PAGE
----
Wetting rain did occur on the 17th with afternoon thunderstorms after some areas of patchy morning low clouds. More of the same on the 18th with areas of low clouds early, then scattered afternoon thunderstorms. A major storm finally began to affect the region starting late on the 19th and continuing through the 20th. A well-organized and powerful area of low pressure moved through the Four Corners region, bringing with it lots of moisture, upslope flow, and efficient storm dynamics.
The first affects of this storm included thunder and rain showers late on the 19th. Colder air continued to work into the region on the 20th as clouds and rain hammered the region through late afternoon. Most areas received from a half inch to over an inch of very beneficial rain. High temperatures only reached into the 50s, making for a wet, windy, raw afternoon. Had this storm occurred in April or May, we would have been digging out of heavy wet snow, instead of trying to keep dry.
Just as quickly as this storm moved in, warm dry air returned to the region as the storm departed late on the 20th. High pressure again returned and held strong for most of the rest of the month, as high temperatures quickly returned to the 70s on the 21st and 22nd, then well into the 80s from the 23rd to the 26th, peaking in the upper 80s to low 90s on the 26th. Temperatures remained at above-normal levels, with generally dry conditions as we ended the month, with gusty winds at times.
A look ahead
July can be an active weather month around the region as the Southwest monsoon season gets going. Afternoon and evening thunderstorms are a common occurrence, and when they are able to tap into higher levels of moisture, flash flooding can result. Hot, stagnant weather can also take hold for a few days at a time, with highs hitting well into the 90s. For a complete look at monthly climate summaries for the Tri-Lakes region, please visit www.thekappels.com/ClimateSummary.htm.
June 2011 Weather Statistics
Average High 77.9° (+2.3°) 100-year return frequency
value max 82.5° min 66.3°
For more detailed weather information and Climatology of the Palmer Divide and Tri-Lakes region, please visit Bill Kappel’s Weather Web page at www.thekappels.com/Weather.htm.
Remember, weather affects all of us every day and is a very important part of life for us in the Tri-Lakes region, and we want to hear from you.
Bill Kappel is a meteorologist and resident of the Tri-Lakes area. He can be reached at email@example.com.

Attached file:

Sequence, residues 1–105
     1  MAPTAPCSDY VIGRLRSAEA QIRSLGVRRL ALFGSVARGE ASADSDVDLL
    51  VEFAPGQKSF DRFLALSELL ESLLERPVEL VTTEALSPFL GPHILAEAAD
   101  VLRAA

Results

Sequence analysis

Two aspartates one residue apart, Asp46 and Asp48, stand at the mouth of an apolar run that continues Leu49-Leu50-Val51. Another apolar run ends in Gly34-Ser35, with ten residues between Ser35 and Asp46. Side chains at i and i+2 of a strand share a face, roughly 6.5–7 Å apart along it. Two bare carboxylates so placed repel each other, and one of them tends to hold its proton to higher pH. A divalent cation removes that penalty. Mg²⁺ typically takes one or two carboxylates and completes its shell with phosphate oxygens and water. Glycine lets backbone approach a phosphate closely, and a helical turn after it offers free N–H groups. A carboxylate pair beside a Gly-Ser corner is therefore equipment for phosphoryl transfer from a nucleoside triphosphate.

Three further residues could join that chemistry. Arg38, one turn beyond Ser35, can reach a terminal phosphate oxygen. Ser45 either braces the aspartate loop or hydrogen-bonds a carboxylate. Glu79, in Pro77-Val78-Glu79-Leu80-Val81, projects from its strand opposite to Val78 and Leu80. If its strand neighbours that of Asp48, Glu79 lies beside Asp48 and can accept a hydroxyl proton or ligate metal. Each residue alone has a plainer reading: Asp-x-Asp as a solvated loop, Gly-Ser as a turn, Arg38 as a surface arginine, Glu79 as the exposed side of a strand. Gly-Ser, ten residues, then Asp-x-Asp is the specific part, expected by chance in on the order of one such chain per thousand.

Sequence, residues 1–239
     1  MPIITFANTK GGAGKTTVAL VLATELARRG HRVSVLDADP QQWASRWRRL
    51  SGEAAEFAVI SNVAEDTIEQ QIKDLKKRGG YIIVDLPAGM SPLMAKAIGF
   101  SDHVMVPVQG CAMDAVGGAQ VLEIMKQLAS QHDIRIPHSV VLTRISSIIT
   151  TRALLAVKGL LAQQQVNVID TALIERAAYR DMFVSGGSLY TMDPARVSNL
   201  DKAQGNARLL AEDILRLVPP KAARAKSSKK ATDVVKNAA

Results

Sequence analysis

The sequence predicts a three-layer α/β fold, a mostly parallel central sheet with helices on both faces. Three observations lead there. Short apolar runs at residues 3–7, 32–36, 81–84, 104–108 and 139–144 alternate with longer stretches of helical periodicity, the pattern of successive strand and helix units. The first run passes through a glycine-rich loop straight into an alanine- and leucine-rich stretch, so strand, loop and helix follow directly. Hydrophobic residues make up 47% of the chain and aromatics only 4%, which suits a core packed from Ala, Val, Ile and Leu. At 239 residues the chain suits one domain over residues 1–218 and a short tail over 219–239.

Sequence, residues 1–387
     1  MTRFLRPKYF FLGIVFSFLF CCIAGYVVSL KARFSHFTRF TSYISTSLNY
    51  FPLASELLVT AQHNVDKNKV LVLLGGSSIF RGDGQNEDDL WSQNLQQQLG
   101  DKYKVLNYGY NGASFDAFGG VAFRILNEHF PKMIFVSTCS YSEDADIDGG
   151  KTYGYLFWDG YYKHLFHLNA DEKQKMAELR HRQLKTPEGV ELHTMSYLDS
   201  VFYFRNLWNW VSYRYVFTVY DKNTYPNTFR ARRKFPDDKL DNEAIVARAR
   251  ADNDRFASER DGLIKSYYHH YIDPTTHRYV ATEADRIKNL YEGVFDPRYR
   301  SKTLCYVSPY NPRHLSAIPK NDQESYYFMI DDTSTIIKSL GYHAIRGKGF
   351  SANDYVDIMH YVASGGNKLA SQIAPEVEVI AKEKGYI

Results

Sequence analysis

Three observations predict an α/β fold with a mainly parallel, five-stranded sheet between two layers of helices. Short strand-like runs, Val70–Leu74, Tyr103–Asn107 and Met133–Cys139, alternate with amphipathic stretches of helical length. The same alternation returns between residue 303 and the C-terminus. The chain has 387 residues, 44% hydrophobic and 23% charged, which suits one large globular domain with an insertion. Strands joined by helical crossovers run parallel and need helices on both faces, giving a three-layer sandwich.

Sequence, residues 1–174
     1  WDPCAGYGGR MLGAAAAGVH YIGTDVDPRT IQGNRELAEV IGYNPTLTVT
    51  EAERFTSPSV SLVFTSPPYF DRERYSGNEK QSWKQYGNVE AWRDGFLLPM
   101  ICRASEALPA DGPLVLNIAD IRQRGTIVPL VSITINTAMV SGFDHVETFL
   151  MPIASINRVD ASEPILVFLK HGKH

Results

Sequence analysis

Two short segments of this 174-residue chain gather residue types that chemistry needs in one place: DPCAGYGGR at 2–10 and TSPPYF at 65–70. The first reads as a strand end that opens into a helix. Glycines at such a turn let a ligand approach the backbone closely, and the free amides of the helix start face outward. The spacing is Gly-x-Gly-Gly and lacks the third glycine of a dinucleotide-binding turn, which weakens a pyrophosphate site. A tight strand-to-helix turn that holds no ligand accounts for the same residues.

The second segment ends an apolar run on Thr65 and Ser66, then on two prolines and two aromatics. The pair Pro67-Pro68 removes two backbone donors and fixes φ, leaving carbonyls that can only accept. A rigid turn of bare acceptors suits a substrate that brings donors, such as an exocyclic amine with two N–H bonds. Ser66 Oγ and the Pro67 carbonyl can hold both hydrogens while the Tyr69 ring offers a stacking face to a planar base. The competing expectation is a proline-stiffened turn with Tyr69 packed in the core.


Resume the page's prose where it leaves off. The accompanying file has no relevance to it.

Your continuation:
Disclaimer: The opinions expressed in Letters to Our Community should not be interpreted as the view of OCN even when the letter writer is an OCN volunteer. For letter guidelines, click here.
On June 4, 2011, Our Community News published an article titled "Departure of students to other districts examined." As a member of the "small committee" tasked to research and report its findings to the D-38 School Board, I’d like to offer clarification.
In paragraph 3, Harriet Halbig reports, "Several of these students attend an online academy." The word "several" denotes a few. Today, 66 D-38 students are enrolled in Adams 12 Five Star Schools, an online academy. Over the past five years, that number has ranged from a low of 51 students in school year 2005-06 to a high of 74 students—no small number.
Currently, D-38 does not offer any online options to its student population. Further, in that very same paragraph, it says, "It is difficult to be specific in numbers…." Balderdash! The historical data is clear and specific. It is available for anyone to access on the Colorado Department of Education website under "Students Attending Public Schools Not in Parent’s District of Residence."
Here’s what the data reveals. The school year 2005-06 was the last year that D-38 had more students from other districts enrolled in D-38 schools, compared to D-38 students enrolled in other districts. Specifically, this past school year, 2010-11, 664 students "choiced out" of D-38 while 320 students "choiced in." The reasons are varied, but the impact is clear.
The stunning statistics prompted one school board member to exclaim, "We (referring to the school board) are guilty of ignorance and arrogance."
Editor’s Note: The referenced article was written based on a recording of part of the meeting. The precise number of students attending the online academy was not included in the recording. In any case, characterizing a number that is less than 1.5 percent of the D-38 student population as "small" seems appropriate. The statement about it being difficult to be specific in numbers should have been attributed to Assistant Superintendent of Operations Cheryl Wangeman. OCN regrets the omission.
My name is Eric Marter, and I am a student at Palmer Ridge High School. With all the negative feedback that our school district is getting, I wanted to share the way I feel.
Since I am a student who is directly influenced by decisions such as the budget, I think it’s important to know how we’ve been affected (from my point of view). Foremost, I absolutely love my school. Every day, I get to attend a beautiful campus, use the technology I need to be successful, and learn from the best faculty I could ask for. All the while, I am safe and have a good time. I do believe that these points are the highest priority for any public school system, and, in my eyes, District 38 has fulfilled all of them.